Choose the right card. The most important step is getting the right credit card that best fits your spending habits. If you spend a lot of money on one particular activity, it’s probably wise to get a card that rewards you for that. Dining out often? Traveling for work? You’ll want a high spender card like the AMEX Platinum or the Chase Sapphire Reserve. If you are a more modest spender look for a lower fee card that still rewards you with points like the Chase Sapphire Preferred or the Capital One Venture Card.
Look for a large sign-up bonuses. Credit card companies often offer you bonus points if you spend a certain amount on eligible purchases within the first few months of opening a new card. This is one of the best ways to accelerate your points earnings. A typical sign-up bonus might offer 50,000 points if you can spend $3,000 in the first three months but you can find much bigger bonuses of 80,000 to even 100,000.
Refer your friends. Your rewards credit card might offer a referral program allowing you to earn a little bonus on each sign up. You can refer friends to your card using your own unique link and check the online portal to find out how.
Get more than one card. If you spend enough and prefer travel rewards, it might be a good idea to get more than one credit card. For example, you can pair an airline credit card with a generic travel credit card that lets you transfer your credit card points to that airline and switch them out depending on what you’re purchasing for maximum earning.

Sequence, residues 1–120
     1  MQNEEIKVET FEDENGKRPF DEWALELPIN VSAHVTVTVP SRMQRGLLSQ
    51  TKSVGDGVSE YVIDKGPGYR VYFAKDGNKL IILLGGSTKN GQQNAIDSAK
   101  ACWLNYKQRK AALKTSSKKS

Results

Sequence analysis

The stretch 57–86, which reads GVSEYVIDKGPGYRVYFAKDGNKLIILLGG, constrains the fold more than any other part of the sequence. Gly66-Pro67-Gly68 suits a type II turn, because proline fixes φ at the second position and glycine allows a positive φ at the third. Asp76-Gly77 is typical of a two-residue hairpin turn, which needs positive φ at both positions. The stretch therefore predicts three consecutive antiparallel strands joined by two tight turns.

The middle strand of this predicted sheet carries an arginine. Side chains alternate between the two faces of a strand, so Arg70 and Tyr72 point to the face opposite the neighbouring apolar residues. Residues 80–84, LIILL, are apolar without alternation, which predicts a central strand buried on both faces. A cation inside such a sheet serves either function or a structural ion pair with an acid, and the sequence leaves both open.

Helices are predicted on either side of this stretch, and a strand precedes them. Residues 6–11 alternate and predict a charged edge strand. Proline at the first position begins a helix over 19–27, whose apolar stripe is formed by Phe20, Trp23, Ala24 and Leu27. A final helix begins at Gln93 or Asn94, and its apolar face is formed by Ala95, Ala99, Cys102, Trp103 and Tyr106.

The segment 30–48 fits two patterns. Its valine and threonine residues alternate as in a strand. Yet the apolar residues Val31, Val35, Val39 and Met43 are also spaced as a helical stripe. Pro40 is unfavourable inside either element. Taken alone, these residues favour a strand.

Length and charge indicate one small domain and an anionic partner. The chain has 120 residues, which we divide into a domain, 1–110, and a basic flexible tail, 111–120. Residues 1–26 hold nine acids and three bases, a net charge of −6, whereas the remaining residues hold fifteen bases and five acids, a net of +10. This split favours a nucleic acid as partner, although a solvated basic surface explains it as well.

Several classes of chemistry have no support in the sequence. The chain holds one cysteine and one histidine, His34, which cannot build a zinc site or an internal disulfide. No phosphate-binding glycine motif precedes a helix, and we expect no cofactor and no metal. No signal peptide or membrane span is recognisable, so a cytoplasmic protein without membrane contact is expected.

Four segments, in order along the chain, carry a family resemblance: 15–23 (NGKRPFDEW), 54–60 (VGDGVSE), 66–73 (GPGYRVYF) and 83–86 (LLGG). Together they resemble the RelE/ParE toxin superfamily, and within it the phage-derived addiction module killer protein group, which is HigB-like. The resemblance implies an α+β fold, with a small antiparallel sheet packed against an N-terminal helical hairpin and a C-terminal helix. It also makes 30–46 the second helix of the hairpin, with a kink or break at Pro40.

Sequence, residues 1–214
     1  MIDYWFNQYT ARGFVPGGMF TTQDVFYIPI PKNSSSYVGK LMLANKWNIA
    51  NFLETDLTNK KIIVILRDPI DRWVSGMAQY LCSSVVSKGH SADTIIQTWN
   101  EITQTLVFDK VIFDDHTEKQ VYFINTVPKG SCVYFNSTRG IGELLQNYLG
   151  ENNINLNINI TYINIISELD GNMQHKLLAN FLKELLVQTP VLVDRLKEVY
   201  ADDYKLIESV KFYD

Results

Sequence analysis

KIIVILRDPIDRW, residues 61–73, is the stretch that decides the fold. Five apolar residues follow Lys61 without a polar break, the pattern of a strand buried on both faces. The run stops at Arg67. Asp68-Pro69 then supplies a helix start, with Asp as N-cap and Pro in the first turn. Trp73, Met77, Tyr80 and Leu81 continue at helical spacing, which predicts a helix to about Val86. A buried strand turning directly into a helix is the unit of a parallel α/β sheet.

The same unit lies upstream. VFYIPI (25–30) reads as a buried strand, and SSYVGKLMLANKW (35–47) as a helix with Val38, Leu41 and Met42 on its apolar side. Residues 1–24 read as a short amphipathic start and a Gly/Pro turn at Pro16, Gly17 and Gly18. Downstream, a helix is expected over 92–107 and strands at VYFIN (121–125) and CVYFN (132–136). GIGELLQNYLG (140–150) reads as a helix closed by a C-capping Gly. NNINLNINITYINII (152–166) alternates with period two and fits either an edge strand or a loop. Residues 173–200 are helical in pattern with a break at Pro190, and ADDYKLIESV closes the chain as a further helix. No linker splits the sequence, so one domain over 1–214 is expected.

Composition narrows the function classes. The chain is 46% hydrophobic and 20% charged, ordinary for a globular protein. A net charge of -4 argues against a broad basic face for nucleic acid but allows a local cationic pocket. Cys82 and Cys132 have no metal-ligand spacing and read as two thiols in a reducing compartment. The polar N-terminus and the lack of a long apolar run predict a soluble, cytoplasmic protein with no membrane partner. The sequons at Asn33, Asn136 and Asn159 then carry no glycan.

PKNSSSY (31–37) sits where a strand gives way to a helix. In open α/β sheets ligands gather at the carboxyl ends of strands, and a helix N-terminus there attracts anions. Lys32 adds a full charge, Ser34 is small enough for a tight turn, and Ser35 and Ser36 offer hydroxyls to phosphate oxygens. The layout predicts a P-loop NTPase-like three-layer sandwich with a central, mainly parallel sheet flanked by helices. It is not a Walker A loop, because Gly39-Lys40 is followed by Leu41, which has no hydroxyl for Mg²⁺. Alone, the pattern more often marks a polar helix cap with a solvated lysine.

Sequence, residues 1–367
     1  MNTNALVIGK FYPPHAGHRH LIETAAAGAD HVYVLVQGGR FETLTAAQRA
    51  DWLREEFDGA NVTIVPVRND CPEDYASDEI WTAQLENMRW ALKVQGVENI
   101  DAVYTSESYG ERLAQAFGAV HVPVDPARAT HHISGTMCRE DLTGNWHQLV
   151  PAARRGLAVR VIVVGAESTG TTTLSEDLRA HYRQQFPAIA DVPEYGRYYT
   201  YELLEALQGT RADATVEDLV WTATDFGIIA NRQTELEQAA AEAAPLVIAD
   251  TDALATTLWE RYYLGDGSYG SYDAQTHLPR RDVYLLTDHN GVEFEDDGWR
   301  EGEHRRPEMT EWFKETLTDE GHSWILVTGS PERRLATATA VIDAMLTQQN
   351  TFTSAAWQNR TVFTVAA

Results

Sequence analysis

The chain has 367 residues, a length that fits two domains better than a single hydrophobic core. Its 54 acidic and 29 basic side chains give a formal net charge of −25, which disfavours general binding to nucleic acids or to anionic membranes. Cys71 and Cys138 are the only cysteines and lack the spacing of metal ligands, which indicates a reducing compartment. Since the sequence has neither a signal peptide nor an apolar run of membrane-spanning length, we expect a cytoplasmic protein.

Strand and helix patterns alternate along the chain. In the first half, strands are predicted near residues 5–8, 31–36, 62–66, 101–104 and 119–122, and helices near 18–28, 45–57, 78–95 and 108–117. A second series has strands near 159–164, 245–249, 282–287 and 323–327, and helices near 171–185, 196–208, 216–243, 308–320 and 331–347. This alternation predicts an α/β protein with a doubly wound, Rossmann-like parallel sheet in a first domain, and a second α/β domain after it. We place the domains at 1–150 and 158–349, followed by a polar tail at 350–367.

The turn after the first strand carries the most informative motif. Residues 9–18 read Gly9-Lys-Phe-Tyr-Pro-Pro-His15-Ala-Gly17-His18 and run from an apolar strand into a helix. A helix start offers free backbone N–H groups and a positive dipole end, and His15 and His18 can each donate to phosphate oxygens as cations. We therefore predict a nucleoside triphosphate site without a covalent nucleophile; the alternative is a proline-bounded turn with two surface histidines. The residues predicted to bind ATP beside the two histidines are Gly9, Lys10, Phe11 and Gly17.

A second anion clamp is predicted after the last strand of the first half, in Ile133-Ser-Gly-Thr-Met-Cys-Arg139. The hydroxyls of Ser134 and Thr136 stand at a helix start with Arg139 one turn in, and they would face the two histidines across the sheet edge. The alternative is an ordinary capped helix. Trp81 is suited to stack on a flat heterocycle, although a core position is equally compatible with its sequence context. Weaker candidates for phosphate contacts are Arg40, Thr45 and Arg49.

How to redeem credit card points
The redemptions system for each rewards program is different, but almost all rewards have an online portal where you can redeem your rewards. Be careful of using the portals though since the rates for redemptions can vary widely depending on how you redeem. With most programs, there will be some dates when redemptions are not available or cost significantly more than usual.
Here are some tips for getting the most out of your redemptions:
Transfer to travel partners. Many airline credit card programs have airline partners that you can transfer points to and often times a redemption through the airline is cheaper than your credit card company. If you can’t find a low-cost flight through the portal, consider searching with some of their partner airlines and transfer to them to finish the booking.
Book in advance. It’s important to search for redemptions early and ideally over 45 days in advance. Not only will this help you select dates that offer lower redemption costs, but booking last minute might incurs additional fees.
Be flexible. This is one of the best ways to make the most out of your miles. If you’re flexible with your travel dates, it’s easy to work around popular and expensive dates to book the low-cost options.
Airline points have been around for years and there is no signs of the bonus stopping anytime soon. It’s important for you to understand how points work and why they can be beneficial to you to get the most out of your money. It’s often mentioned that technically credit card points are not “free” and we pay for them in higher retail prices due to the fees they charge retailers. This makes it even more important for you to get your value since you are paying for it one way or another.